Predicting extreme hurricane winds in the United States
Thomas H. Jagger, Florida State University, Tallahassee, FL; and J. B. Elsner
We demonstrate the use of POT (Peaks over Threshold) models to evaluate distribution of extreme winds within near-coastal regions of the United States. Initially, we use maximum likelihood methods to estimate the return levels for various long-range return periods for each coastal region. Next, we show that the return levels depend on climate variables such as ENSO and NAO. Finally, we demonstrate the usefulness of the Bayesian approach to POT modeling using WinBUGS software to model the relationship between climate variables and hurricane intensity. Additionally, we show that the Bayesian approach is useful for extending the historical record, managing measurement error, imputing missing values, and simulating future hurricane intensities.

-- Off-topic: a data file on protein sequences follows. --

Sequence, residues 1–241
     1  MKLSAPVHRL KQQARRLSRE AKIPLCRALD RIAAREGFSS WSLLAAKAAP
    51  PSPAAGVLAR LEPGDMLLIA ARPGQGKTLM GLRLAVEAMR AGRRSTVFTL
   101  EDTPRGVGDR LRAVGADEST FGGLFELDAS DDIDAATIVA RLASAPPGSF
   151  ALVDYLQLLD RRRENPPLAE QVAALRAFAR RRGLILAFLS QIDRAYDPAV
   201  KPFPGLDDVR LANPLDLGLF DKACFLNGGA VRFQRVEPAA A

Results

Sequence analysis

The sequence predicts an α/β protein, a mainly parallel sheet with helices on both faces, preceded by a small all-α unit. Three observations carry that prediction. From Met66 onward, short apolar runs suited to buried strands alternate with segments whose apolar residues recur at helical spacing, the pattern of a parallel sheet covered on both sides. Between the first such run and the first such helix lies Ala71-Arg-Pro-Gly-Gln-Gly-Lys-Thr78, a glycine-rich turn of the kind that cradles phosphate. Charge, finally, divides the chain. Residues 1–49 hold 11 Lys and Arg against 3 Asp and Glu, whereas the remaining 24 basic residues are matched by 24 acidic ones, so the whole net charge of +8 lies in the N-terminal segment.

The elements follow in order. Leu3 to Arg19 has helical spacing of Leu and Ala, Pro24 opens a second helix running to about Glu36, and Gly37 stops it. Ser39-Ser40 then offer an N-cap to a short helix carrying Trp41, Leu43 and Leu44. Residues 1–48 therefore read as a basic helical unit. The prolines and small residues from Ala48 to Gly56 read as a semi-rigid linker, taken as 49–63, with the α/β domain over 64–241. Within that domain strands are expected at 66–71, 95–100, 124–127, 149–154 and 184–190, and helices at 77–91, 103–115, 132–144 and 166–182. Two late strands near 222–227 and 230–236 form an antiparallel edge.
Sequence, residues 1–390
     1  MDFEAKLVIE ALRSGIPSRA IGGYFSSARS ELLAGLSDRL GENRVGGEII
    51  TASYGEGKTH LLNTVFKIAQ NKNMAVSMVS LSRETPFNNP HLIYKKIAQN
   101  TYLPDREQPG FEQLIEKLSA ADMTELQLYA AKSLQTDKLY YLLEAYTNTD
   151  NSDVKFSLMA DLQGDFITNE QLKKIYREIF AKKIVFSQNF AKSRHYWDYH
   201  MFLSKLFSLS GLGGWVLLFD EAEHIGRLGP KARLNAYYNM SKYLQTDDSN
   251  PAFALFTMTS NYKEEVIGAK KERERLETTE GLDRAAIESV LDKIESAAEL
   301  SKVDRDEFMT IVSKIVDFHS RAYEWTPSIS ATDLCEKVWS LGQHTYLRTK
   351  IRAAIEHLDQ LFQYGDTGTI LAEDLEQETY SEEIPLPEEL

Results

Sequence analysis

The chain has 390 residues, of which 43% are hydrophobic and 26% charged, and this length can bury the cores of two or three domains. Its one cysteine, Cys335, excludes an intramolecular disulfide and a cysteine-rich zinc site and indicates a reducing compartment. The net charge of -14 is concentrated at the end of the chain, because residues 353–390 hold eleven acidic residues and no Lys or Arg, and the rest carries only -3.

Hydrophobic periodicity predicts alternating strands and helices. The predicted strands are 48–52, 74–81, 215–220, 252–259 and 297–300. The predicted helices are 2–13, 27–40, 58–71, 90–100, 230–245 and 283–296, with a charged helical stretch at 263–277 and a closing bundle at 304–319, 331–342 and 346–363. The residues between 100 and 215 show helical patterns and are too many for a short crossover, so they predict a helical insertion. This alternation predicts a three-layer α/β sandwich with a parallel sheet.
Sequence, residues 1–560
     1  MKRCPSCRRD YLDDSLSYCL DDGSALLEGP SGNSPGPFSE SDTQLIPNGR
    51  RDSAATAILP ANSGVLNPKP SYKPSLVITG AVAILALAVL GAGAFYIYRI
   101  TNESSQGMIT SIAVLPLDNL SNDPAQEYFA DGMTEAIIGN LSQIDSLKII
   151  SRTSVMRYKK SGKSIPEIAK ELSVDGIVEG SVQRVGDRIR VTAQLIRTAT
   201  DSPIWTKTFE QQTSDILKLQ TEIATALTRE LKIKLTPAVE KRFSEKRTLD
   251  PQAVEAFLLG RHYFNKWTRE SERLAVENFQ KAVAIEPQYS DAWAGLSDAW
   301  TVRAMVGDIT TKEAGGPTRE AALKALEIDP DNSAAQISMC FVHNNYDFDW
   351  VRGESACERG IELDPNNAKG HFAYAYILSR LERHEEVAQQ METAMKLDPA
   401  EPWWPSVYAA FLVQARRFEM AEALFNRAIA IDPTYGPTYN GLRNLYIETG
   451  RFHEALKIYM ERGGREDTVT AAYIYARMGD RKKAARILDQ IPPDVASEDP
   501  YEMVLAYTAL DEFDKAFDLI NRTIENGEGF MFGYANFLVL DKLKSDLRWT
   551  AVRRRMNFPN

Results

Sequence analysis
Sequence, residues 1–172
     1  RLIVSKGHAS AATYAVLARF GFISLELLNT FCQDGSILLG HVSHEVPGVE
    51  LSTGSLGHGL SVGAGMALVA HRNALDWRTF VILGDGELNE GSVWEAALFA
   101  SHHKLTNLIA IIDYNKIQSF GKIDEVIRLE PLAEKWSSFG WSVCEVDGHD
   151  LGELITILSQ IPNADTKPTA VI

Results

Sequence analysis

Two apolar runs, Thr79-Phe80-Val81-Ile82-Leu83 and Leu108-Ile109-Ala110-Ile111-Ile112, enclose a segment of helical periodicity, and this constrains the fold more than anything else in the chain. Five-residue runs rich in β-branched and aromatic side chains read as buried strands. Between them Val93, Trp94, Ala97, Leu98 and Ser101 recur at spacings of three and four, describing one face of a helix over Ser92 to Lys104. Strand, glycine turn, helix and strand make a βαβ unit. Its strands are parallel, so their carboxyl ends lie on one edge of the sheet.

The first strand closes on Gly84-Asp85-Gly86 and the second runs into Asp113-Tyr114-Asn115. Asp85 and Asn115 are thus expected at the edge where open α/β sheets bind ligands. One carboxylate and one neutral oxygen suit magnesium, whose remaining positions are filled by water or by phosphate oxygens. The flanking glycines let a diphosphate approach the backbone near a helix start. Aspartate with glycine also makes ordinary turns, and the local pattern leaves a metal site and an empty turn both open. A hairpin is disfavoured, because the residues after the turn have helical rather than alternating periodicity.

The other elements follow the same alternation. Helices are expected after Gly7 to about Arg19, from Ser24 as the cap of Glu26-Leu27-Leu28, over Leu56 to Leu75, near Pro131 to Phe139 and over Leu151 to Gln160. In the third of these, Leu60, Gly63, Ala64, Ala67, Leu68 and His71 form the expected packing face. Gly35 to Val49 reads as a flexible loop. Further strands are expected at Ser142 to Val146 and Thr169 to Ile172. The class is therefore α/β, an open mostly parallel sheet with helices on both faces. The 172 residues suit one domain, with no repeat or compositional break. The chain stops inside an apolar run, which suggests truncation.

Joint Poster Session 4, Joint Poster: Climate & Extremes, Linking Weather and Climate (Joint with Second Symposium on Policy and Socio-economic Research, Symposium on Connections Between Mesoscale Processes and Climate Variability, 19th Conference on Climate Variability and Change, and Climate Change Manifested by Changes in Weather)
Wednesday, 17 January 2007, 2:30 PM-4:00 PM, Exhibit Hall C
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